Thirty minutes after the hour, nestled in the basement of the Modern Languages Building, my French class glanced from the clock to the door, bewildered as to the whereabouts of our professor. Like a herd of lost sheep, we anticipated her arrival in echoing silence. At precisely 12:35 p.m., our professor made a grand entrance, proclaiming, “Excusez-moi, j’étais coincé dans l’élévateur!”
“Excuse me, I was trapped in the elevator.”
To some, this may seem like a traumatic, rare occurrence. But to us MLB regulars, getting stuck in the elevator is a casual rite of passage. I remember my first time being trapped in the MLB elevator like it was yesterday, mainly because it was yesterday. On the way to my professor’s office hours, I was naïve enough to pass up the stairs and board the University’s very own Tower of Terror only to come to a jerky halt somewhere between the third and fourth floors. On my way out of the contraption, after thanking the maintenance worker and kissing the seemingly stable floor beneath my feet, I came to a dramatic realization: nobody should ever have to endure the nightmare that is the MLB.
As if LSA’s foreign language requirement isn’t inconvenient enough, the University has its students learn these languages in a building reminiscent of the set of “Saved by the Bell.” Its basement, home of many failed conjugation quizzes and a few lost hopes and dreams, sets the foundation for a building which, contrary to what its title may suggest, is anything but modern. Though the University’s 2011 financial report states that renovation for the basement and second floor of the MLB started three years ago, the basement continues to look like something from 50 years ago. Students are shoved into tiny classrooms with desks I have not experienced since my elementary school’s field trip to a one-room schoolhouse. I am still waiting for someone to explain why the writing space of these desks is not big enough for a piece of paper. The white, brick walls symbolize the emptiness of the building’s soul, with abandoned lockers and blackboards adding a nice, vintage touch. Everyone knows that the MLB is the “Throwback Thursday” of University buildings, paying homage to the dismal, underfunded days of high school.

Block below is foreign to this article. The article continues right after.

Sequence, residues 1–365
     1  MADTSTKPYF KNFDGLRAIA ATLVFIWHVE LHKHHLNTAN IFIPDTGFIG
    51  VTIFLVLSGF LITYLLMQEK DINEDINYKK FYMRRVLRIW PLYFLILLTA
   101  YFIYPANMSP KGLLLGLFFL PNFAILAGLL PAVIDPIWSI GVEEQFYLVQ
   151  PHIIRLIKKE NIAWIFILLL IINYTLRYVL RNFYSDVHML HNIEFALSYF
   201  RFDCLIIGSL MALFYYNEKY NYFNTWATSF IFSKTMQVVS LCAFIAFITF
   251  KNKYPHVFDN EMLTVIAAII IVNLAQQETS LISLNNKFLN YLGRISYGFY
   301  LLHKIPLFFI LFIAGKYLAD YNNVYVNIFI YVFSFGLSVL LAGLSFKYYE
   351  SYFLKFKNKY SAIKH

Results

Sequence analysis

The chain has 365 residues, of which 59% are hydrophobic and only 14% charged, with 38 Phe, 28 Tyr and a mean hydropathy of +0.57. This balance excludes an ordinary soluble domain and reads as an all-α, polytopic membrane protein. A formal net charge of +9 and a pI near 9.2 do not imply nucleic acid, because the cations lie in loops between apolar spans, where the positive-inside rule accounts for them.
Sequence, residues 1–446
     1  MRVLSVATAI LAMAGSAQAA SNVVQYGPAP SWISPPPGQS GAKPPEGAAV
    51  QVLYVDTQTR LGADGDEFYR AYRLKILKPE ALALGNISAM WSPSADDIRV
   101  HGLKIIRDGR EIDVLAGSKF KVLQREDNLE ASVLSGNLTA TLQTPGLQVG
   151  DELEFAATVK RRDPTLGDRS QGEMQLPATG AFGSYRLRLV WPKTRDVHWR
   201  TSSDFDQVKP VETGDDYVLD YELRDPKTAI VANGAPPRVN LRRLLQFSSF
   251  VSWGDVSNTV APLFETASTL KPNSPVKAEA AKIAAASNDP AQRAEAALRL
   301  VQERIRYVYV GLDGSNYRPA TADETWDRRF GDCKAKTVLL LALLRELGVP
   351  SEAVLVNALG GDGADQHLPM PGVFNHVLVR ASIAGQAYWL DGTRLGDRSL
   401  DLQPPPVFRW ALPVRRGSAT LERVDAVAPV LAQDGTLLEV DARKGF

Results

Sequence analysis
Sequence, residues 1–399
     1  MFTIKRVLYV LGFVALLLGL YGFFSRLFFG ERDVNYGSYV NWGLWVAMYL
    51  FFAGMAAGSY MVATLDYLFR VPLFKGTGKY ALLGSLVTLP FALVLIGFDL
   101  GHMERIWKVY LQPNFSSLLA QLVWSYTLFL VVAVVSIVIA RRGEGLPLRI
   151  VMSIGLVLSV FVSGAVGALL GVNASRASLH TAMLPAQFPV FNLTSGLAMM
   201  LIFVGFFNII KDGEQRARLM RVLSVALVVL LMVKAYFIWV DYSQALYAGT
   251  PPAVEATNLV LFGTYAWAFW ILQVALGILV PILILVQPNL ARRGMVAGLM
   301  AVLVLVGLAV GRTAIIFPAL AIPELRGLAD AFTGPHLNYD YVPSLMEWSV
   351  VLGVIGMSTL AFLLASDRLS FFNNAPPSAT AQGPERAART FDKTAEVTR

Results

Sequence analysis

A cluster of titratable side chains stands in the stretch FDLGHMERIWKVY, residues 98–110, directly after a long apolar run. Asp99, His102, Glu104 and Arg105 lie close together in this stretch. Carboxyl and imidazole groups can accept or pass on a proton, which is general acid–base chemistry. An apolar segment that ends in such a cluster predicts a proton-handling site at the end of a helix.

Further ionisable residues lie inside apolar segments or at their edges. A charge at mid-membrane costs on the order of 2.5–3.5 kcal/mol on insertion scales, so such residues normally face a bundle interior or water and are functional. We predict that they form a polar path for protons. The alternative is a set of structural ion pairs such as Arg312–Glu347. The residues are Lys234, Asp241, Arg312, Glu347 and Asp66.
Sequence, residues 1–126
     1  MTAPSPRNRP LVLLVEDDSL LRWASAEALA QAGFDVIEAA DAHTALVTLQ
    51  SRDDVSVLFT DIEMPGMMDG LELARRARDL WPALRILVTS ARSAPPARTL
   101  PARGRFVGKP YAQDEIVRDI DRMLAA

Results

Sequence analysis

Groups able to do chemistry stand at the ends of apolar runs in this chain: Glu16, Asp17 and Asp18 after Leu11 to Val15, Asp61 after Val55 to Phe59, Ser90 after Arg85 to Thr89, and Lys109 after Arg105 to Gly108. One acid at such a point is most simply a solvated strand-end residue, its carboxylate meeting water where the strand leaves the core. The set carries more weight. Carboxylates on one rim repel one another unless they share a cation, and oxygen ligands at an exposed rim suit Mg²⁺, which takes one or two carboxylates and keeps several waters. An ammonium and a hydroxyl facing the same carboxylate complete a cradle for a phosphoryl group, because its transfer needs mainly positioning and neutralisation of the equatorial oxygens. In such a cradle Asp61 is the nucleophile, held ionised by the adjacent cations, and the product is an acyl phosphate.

While I realize that one’s ability to learn is not fully dependent on the interior design of his or her classroom, I have experienced unrest in the basement’s classrooms that have inhibited my ability to focus. Snuggled elbow-to-elbow with two of my classmates every day, I sometimes question my life choices when coming to class. Though my minor case of claustrophobia has only caused me to dramatically exit the room on one occasion, I can’t help but wonder how the MLB basement experience is for other students at the University. Its seating is problematic for people who physically cannot use the wrap-around desks, and the elevator is a necessary risk for those relying on its accessibility. Small desks have even been shown to cause back pain, especially among tall students. For the most part, most other buildings at the University accommodate those with special needs. Still, the MLB remains stagnant, showing very little alterations since its construction in 1965.
While a repair for the building’s elevator is scheduled to take place this June, the MLB needs to see many other changes as well. The University prides itself on being at the pinnacle of academic excellence, supplying its students with what they need to succeed. But what Michigan students need isn’t a $4.4 million fishbowl redesign or a $4 billion fundraiser. What they need is a place to learn without getting stuck in a desk, elevator or overcrowded hallway. A crudely graffittied quote in one of the MLB’s women’s bathrooms says it all: “I hate this f***ing place.” Let’s get with the times, spend our money responsibly and give students a reason to come to class. Let’s renovate the MLB, already.
Allison Raeck is an LSA junior.
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